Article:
cd C:\"Program Files"\rclone
rclone sync -v --transfers 16 "D:\Files and Folders" Doomsday:Doomsday
rclone cleanup Doomsday:Doomsday
pause

The batch file must be run under the profile of the user whose data is being backed up, and requires Administrator privileges.

Of course, you’d also need to actually have a Backblaze B2 account (or an account on another provider’s cloud backup service, such as Amazon Cloud Drive or Amazon S3), and to configure rclone to connect to that provider’s service. But that’s very simple and intuitive to do if you’re comfortable in the command line. The details can be found in the rclone documentation.

I also use Amazon S3 to back up some of my servers, by the way. It’s also an excellent service and will work just fine with this system. Amazon’s infrastructure is also much more extensive, well-established, and redundant; but Backblaze is less expensive. Personally, I like and use both companies’ services. My experience has taught me that having multiple reliable providers is always a good thing.

I consider the above backup plan to be near-perfect. For me to completely lose all my data, all of the following things would have to happen nearly simultaneously:

  • My computer crashes or is lost, stolen, or destroyed
  • My clone backup fails or is lost, stolen, or destroyed
  • My image backup fails or is lost, stolen, or destroyed
  • The files backup on the ioSafe disappears, or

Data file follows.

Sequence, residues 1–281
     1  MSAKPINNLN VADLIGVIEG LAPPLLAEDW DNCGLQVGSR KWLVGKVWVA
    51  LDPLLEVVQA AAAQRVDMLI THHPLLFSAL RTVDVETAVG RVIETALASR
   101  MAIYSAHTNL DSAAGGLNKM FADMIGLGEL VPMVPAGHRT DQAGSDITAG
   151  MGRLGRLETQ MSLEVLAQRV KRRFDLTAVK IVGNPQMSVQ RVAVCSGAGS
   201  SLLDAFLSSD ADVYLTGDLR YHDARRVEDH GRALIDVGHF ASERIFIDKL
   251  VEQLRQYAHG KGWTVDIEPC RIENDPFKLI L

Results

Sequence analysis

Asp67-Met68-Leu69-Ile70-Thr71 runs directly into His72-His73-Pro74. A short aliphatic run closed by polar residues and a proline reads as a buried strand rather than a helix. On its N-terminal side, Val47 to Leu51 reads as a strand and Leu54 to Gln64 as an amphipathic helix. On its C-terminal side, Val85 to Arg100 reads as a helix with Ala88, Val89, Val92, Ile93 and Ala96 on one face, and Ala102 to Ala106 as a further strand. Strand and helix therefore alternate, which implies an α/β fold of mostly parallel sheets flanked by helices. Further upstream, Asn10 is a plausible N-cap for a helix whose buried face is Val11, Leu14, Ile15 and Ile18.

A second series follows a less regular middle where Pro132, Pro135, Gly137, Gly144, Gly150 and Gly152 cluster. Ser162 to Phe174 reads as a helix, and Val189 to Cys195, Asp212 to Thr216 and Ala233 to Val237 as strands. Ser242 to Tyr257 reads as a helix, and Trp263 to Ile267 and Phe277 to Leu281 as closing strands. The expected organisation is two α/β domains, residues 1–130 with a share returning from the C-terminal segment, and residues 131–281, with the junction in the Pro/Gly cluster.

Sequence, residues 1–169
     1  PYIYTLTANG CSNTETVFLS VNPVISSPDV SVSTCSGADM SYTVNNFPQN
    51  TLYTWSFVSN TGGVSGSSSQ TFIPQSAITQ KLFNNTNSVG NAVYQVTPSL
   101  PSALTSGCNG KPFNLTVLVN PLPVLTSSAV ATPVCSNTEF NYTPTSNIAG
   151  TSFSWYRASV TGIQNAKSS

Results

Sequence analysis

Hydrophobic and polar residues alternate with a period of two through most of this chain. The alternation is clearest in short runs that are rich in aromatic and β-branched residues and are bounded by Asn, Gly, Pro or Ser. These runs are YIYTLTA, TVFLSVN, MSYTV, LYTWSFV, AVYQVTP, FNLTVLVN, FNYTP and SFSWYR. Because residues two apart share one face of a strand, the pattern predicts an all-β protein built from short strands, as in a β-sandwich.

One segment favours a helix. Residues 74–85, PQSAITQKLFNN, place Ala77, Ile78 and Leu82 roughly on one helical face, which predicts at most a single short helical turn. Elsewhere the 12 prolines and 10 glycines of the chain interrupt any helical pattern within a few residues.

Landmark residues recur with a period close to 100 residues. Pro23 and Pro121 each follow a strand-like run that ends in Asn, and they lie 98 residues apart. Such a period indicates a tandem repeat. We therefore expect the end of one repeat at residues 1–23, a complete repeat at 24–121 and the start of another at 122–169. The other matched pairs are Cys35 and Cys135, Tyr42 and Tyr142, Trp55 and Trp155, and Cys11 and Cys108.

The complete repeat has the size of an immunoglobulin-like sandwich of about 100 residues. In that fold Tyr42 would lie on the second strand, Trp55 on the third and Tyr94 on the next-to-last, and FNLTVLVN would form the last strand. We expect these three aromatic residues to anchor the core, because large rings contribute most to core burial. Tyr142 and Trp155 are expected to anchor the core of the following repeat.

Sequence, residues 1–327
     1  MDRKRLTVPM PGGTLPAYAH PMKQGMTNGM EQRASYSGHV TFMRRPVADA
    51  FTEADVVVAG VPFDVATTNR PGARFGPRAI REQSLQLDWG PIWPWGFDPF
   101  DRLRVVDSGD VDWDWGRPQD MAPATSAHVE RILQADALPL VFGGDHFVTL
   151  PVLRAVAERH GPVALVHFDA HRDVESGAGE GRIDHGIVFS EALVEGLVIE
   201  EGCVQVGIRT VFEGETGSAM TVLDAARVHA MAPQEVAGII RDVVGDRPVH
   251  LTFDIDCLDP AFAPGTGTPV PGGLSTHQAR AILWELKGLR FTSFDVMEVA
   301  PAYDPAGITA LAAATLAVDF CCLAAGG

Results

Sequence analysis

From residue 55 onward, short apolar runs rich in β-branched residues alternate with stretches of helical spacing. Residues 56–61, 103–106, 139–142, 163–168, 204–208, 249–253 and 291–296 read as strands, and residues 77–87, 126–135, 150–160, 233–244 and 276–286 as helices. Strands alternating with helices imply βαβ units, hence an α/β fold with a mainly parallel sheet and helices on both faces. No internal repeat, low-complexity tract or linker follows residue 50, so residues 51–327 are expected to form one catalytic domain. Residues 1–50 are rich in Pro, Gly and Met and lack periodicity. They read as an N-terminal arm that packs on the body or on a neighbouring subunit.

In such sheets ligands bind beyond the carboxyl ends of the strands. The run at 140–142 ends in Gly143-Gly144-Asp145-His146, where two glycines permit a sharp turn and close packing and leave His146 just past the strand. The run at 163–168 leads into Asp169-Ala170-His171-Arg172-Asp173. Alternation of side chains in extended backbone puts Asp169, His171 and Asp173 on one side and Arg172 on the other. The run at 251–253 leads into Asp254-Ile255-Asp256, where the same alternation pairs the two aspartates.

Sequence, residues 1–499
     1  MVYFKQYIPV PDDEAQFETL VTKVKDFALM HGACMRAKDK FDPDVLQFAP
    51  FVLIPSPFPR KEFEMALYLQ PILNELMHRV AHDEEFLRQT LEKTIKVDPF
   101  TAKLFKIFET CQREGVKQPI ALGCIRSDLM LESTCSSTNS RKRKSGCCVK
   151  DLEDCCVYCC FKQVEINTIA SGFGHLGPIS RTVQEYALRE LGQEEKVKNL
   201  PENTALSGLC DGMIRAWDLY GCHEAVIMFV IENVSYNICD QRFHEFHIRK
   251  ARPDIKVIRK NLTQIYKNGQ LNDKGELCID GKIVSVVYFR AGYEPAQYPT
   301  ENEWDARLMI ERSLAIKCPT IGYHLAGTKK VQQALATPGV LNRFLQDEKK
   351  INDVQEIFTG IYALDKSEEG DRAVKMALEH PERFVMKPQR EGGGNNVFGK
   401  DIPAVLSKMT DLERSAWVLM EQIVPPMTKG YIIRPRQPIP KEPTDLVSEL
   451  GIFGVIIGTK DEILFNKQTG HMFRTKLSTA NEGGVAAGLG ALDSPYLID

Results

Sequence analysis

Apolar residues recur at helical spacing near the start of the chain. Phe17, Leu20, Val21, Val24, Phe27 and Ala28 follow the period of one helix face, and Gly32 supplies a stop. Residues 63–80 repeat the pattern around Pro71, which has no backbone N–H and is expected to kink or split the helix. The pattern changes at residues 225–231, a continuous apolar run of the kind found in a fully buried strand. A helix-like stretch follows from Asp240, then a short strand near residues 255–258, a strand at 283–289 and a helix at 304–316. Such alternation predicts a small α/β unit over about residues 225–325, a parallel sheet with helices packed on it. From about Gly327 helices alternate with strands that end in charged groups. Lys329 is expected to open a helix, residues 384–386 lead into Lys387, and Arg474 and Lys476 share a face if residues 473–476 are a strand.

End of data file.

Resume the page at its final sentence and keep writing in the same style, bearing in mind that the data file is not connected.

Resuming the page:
• The ioSafe is lost or stolen, or the drive inside of it does not survive a disaster
  • Assuming the latter case, ioSafe is unable to recover the data that was on the drive under their warranty
  • Backblaze suddenly goes out of business or suffers a catastrophe that completely destroys their datacenter

I think the chances of all those things happening simultaneously are pretty slim; and if they ever do, I reckon I’ll have bigger problems on my mind than my data loss. A scenario like that would take a catastrophe of biblical proportions to become reality.

The reason my plan is only near perfect (aside from nothing ever being really perfect) is that both Robocopy and rclone are limited in their deduplication abilities. If a file is moved, renamed, or copied to another location on the drive, chances are that it will be re-uploaded. Compressed archives will also be completely re-uploaded if files are added to or subtracted to the archives, even if they’re not encrypted.

So no, my backup plan is not perfect. It’s only nearly perfect. It will waste some bandwidth from time to time. Eventually, if I have the time, maybe I’ll figure out a way to improve on the deduplication, and then it will even more nearly perfect.